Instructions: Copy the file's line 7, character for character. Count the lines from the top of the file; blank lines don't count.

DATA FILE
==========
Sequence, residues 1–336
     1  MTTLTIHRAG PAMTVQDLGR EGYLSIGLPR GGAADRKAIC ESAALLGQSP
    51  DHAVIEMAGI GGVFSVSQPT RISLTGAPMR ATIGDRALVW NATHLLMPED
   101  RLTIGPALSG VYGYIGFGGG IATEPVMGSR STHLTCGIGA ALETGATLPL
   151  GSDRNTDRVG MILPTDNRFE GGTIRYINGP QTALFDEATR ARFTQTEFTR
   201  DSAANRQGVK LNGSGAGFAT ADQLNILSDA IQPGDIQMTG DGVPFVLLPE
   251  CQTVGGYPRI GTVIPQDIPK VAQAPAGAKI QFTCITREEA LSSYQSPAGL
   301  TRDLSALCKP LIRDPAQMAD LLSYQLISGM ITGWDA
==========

   251  CQTVGGYPRI GTVIPQDIPK VAQAPAGAKI QFTCITREEA LSSYQSPAGL